On February 9, the MCU’s Institute of Foreign Languages started a series of online lectures for MCU students and staff. Mr. Jun Yue, a former locally engaged staff at the U.S. Consulate General in Wuhan, interpreter of English and Chinese, presented the first of his two public lectures. The lecture was dedicated to the U.S. Public Diplomacy in China at the Most Grassroot Level.
Primarily, Jun Yue explained the definition and concept of public or people’s diplomacy. Public diplomacy is generally seen as a soft power to disseminate a country’s culture around the world and establish intercultural bonds. Further, the speaker elaborated on the history of U.S. public diplomacy. Though the term was introduced in the 1960s, Americans initiated to practice it much earlier. By 2021, the U.S. mission in China has disposed of five representative offices, with the Embassy in Beijing and four Consulates General in Chinese provinces. They are responsible for diverse fields of international relations and implement a wide range of cultural programs.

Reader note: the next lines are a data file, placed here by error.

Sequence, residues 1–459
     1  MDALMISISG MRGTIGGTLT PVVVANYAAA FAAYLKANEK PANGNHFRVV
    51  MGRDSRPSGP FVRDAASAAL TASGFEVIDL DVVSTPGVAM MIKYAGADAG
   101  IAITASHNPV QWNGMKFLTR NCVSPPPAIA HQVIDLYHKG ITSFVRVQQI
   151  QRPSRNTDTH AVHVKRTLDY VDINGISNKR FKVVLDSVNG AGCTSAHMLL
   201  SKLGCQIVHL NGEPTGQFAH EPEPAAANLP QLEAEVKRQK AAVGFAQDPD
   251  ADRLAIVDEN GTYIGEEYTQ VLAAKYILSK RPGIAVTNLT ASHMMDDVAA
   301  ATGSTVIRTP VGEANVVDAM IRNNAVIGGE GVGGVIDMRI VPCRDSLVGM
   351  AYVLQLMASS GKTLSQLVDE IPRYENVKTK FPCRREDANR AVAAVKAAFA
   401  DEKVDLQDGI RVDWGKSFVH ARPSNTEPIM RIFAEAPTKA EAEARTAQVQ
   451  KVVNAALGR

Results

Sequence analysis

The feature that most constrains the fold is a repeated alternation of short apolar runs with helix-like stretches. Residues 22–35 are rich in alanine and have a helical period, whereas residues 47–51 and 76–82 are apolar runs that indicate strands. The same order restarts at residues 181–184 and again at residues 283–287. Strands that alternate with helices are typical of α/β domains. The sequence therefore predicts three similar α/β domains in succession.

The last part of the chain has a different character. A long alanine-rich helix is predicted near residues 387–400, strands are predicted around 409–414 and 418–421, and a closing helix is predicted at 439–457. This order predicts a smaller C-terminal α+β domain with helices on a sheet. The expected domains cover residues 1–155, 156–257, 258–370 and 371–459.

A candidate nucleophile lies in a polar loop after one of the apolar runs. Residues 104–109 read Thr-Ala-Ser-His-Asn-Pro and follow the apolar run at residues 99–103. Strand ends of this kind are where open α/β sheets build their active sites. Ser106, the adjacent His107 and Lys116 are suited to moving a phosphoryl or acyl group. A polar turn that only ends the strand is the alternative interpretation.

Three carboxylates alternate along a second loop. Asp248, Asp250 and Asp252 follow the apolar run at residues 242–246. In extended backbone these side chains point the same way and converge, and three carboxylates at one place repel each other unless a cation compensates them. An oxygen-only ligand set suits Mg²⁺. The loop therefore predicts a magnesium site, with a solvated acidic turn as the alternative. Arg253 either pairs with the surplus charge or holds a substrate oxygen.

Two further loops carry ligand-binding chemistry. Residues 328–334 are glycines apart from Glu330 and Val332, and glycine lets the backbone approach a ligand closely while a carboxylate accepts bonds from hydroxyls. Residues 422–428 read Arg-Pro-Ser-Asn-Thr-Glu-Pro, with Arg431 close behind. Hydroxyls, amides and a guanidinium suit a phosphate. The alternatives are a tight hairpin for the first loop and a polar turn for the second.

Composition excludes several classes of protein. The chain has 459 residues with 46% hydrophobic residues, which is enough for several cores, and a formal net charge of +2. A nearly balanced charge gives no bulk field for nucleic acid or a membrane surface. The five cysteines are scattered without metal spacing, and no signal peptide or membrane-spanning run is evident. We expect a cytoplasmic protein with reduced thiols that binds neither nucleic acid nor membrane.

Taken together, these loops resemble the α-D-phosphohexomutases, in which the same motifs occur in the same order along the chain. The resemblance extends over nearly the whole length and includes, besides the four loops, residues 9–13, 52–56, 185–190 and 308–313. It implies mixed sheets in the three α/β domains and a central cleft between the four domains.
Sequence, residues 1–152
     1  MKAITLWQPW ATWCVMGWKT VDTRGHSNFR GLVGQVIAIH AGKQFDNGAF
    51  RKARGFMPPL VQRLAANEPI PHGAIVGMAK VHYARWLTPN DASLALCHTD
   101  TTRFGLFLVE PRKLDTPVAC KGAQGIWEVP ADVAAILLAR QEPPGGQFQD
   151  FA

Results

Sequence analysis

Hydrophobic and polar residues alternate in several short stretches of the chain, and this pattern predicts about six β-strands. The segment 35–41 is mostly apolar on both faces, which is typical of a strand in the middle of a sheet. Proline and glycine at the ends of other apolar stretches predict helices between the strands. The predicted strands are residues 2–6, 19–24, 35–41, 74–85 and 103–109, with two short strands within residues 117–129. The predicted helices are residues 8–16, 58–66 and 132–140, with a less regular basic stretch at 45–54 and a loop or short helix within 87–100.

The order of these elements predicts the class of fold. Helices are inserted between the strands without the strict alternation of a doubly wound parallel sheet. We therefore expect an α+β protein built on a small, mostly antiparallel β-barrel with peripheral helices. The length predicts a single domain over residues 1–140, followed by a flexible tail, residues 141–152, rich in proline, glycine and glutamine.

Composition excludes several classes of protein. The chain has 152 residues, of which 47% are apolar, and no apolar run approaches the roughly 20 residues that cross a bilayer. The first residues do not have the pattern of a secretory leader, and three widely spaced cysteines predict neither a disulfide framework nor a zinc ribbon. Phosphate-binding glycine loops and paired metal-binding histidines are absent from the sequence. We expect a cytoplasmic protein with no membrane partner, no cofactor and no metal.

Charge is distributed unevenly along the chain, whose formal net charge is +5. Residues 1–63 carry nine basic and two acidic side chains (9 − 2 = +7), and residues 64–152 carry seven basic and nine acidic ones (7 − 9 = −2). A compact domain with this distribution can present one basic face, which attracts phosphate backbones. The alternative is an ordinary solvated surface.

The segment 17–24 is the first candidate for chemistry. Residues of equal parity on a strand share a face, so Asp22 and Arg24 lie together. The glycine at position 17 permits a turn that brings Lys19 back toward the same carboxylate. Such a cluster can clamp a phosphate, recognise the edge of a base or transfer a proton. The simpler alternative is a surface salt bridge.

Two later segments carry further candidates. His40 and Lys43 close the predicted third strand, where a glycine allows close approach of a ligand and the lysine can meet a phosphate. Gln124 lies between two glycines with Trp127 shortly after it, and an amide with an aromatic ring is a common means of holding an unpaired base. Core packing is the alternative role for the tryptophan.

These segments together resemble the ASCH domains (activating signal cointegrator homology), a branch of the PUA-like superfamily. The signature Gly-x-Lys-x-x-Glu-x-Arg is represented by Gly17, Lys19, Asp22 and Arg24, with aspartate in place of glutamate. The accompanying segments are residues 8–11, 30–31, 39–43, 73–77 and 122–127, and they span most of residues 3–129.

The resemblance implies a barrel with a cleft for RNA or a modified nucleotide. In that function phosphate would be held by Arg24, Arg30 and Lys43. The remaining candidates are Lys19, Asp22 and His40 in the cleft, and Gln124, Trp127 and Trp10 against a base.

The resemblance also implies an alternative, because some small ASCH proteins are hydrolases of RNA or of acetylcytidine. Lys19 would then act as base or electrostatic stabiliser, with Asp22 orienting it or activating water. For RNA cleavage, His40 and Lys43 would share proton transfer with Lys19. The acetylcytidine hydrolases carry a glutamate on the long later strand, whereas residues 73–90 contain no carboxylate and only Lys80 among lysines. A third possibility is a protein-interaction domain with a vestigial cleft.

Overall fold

After the lecture, the speaker answered questions from students and professors. They were interested in the benefits the U.S. gets from cultural diplomacy in China. Annually, thousands of exchange students travel to both countries. They get familiar with local cultures and represent their ones. It facilitates the reinforcement of intercultural and international relations between China and the U.S. It is of extreme importance as for many decades the countries have had diverse views on world politics. Another question concerned fields of study most suitable for a diplomatic career. The speaker underlined that people of different educational backgrounds can contribute to publiс diplomacy as there are as many directions of cooperation as science sectors.
The next lecture will be held on February 22. Jun Yue will cover his experience of the global voyage on a humanitarian mission.
Mr. Jun Yue worked for the U.S. Consulate General in Wuhan in 2016—2018. He was hired by the public affairs section as a Cultural Affairs Assistant. There, the speaker was responsible for cultural diplomacy programming and U.S. higher education promotion.